If your symptoms do not bother you too much, you may choose not to have treatment other than regular checkups with your healthcare provider. You should ask your provider about your choices for treatment.

How do I prepare for TURP?

Plan for your care and recovery after the operation, especially if you are going to have general anesthesia. Find someone to give you a ride home from the hospital. Allow for time to rest and try to find people to help you with your day-to-day duties.

Ask for the instructions for using and caring for a catheter and urine collection bag after the surgery. It’s best to learn about this before your surgery, when you are most alert and able to understand and remember the directions.

Follow your healthcare provider's instructions about not smoking before and after the procedure. Smokers heal more slowly after surgery. They are also more likely to have breathing problems during surgery. For these reasons, if you are a smoker, you should quit at least 2 weeks before the procedure. It is best to quit 6 to 8 weeks before surgery.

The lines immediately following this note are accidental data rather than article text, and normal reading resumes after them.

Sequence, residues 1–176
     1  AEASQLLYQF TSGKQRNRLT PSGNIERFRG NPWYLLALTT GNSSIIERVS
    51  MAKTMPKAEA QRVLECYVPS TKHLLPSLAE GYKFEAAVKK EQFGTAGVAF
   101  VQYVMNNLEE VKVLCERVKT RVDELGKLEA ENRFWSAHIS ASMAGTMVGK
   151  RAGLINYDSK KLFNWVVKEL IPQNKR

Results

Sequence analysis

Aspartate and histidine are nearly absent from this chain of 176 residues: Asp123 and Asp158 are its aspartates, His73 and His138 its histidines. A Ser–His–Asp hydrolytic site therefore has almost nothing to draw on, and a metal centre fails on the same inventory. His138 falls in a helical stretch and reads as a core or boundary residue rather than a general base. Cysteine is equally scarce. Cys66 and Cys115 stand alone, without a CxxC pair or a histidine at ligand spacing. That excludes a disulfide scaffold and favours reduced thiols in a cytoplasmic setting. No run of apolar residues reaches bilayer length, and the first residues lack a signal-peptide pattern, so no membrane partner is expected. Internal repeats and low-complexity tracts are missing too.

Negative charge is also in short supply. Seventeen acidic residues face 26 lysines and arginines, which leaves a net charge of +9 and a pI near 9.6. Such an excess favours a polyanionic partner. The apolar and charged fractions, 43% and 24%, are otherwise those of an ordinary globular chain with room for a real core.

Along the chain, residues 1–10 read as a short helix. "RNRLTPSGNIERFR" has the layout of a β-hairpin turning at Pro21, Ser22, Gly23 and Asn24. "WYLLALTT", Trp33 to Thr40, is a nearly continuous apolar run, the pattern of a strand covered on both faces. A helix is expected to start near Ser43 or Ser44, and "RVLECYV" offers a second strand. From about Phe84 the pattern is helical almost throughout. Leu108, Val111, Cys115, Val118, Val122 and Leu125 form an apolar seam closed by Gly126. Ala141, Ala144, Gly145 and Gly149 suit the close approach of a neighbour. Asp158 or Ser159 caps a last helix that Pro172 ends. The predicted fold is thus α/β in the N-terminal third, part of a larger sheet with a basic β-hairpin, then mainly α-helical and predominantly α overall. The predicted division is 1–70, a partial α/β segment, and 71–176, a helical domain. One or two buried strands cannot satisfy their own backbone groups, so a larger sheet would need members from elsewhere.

If you take some medicines daily, ask your healthcare provider if you should take any of your medicines before surgery. If you take blood thinners, daily aspirin, or anti-inflammatories such as ibuprofen (for example, Motrin or Advil) or naproxen (Aleve), ask your provider if you need to stop them before surgery. If you do need to stop taking your medicines, ask your provider when you can start taking them again. If you need a minor pain reliever in the week before surgery, choose acetaminophen rather than aspirin, ibuprofen, or naproxen. This helps avoid extra bleeding during surgery.

Antibiotics may be prescribed for a few days before and after surgery to help prevent infection.

Follow any other instructions your healthcare provider may give you. If you are to have general anesthesia, eat a light meal, such as soup or salad, the night before the procedure. Do not eat or drink anything after midnight on the day of the procedure. Do not even drink coffee, tea, or water.

What happens during the procedure?

You will be given either a general or spinal anesthetic. The general anesthetic will relax your muscles, put you to sleep, and keep you from feeling pain. The spinal anesthetic will make you feel numb from the chest down. You will probably be given medicine with the spinal anesthetic to make you sleepy.